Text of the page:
The first song she showcases is also one of her most enduring. “And When I Die” was first sold to Peter, Paul & Mary later in the year, then featured on Nyro’s debut, More Than a New Discovery in 1967, before being taken to #2 on the Billboard charts in a rendition by Blood, Sweat and Tears in 1968. Here, the demo version is rollicking, and the tempo speeds up and slows as she sings. She sounds young, but exudes confidence beyond her years.
That assurance wanes for an instant as she struggles to play “Lazy Susan.” She recovers nicely with the soulful “Enough of You,” one of a trio of songs on here that she never officially recorded. She’s pouring herself into this, you can just feel it. Another of the unreleased tunes is “In and Out,” which is only a brief snippet, but you get to hear her falsetto.
The set is named after the last of the unreleased songs, “Go Find the Moon,” and for good reason – it’s spellbinding. Nyro alternates between gutsy blues and soaring show tune-inspired vocals. This song alone justifies picking up this collection.
“Luckie” is another song that would appear later – opening her sophomore album, Eli and the Thirteenth Confession. This nascent version isn’t really more straightforward as just missing the intricate tempo changes that would accompany the released version.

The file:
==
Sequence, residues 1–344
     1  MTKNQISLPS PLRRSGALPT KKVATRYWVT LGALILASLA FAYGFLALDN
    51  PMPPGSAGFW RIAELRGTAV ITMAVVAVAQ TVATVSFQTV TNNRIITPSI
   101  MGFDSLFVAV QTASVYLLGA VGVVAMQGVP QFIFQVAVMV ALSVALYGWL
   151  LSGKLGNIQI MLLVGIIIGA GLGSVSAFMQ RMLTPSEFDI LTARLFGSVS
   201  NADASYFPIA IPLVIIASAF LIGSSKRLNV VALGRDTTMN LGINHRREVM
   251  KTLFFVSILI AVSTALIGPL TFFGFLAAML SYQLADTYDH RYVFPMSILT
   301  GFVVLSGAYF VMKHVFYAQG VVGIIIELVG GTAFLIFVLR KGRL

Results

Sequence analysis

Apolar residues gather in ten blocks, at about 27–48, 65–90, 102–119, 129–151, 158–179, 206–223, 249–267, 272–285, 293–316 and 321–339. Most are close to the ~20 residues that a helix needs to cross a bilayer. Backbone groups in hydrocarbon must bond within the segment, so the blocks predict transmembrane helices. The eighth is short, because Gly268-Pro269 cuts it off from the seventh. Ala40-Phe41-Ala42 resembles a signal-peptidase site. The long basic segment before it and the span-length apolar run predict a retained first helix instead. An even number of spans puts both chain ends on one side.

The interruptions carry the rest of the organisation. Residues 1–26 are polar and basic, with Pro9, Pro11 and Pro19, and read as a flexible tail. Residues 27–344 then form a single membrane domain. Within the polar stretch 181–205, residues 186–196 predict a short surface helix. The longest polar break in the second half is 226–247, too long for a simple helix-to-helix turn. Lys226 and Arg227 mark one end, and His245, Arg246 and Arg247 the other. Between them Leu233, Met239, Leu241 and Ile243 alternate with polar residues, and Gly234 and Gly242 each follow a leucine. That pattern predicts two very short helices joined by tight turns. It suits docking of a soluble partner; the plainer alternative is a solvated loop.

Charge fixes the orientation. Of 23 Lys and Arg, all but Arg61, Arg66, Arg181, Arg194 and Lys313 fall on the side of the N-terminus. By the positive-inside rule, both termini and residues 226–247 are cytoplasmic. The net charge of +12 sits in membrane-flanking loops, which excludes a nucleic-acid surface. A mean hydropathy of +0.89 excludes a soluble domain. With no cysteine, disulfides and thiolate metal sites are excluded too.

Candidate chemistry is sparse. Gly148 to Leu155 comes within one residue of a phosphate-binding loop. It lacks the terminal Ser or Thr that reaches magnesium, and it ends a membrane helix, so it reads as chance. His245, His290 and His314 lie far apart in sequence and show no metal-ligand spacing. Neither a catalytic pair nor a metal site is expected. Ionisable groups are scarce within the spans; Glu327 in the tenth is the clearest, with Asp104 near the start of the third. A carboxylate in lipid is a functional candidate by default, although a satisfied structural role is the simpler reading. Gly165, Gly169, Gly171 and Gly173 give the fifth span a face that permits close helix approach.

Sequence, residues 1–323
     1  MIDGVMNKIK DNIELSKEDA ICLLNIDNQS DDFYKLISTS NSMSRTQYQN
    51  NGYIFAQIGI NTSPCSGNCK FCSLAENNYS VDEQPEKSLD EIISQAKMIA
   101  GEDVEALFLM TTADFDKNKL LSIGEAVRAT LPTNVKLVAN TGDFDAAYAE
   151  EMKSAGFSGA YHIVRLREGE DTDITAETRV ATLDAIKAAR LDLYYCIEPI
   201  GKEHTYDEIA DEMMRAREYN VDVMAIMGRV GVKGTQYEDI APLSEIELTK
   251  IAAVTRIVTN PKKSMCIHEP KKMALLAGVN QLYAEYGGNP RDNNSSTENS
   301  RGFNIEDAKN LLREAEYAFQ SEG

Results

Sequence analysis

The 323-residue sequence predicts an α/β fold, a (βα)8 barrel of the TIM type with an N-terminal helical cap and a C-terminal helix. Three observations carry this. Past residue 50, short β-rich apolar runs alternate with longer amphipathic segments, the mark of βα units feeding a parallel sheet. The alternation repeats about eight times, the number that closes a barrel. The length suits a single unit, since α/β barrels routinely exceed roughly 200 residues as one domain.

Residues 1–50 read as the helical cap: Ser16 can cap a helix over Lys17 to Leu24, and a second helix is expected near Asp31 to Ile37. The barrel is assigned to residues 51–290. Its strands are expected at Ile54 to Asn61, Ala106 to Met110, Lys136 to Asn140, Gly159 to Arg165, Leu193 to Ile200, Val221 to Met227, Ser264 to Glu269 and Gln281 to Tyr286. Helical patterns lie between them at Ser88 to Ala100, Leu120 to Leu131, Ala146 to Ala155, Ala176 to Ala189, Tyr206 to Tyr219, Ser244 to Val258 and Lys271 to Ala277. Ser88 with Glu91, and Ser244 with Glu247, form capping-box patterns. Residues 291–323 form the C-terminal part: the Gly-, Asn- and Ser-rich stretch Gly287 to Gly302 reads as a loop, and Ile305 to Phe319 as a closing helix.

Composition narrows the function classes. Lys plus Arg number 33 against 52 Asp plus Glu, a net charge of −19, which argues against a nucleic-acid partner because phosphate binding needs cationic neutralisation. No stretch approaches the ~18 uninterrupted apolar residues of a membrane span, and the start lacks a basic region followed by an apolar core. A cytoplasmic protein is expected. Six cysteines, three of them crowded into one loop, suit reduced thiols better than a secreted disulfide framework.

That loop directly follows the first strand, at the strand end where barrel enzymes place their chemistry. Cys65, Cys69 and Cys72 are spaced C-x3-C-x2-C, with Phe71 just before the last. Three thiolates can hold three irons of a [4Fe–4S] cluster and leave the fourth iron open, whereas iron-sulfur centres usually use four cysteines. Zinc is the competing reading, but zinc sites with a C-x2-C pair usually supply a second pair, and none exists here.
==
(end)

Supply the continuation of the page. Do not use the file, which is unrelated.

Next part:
Toward the end of the audition, you can hear the exec ask her
“Do you do any songs other than those that you’ve written”?
To which she abruptly replies
They ask again
“you don’t know any pop songs? “Stardust”? “Moon River”?
Then Laura responds,
“Of course I know there are other songs, and I know a few lines from each one…maybe.”
At this point she attempts to play snippets (and I do mean snippets) of three songs, “When Sunny Gets Blue,” “Kansas City,” and “I Only Want to Be With You.” But, all these fragments show is just how laser-focused Nyro was as an artist. She wasn’t interested in doing songs by other people and even if she did, those songs still sound like Laura Nyro and no one else.
She ends off by playing one last of her compositions, the gorgeous “Lazy Susan,” this time making it through the entire song.
Here is Laura Nyro, her soulful, sweeping voice and her piano, not tethered to any rhythm or pattern, except her own. And, her songs – chronicling the misfits of the New York underground. Can you imagine what must’ve been going through these two executives’ minds?
Go Find the Moon is brief, clocking in at under twenty minutes. Yet, there’s so much magic here, especially in the three unreleased songs. We get to hear the first steps, some confident, a few tentative, of one of the most unique artists in history. —Tony Peters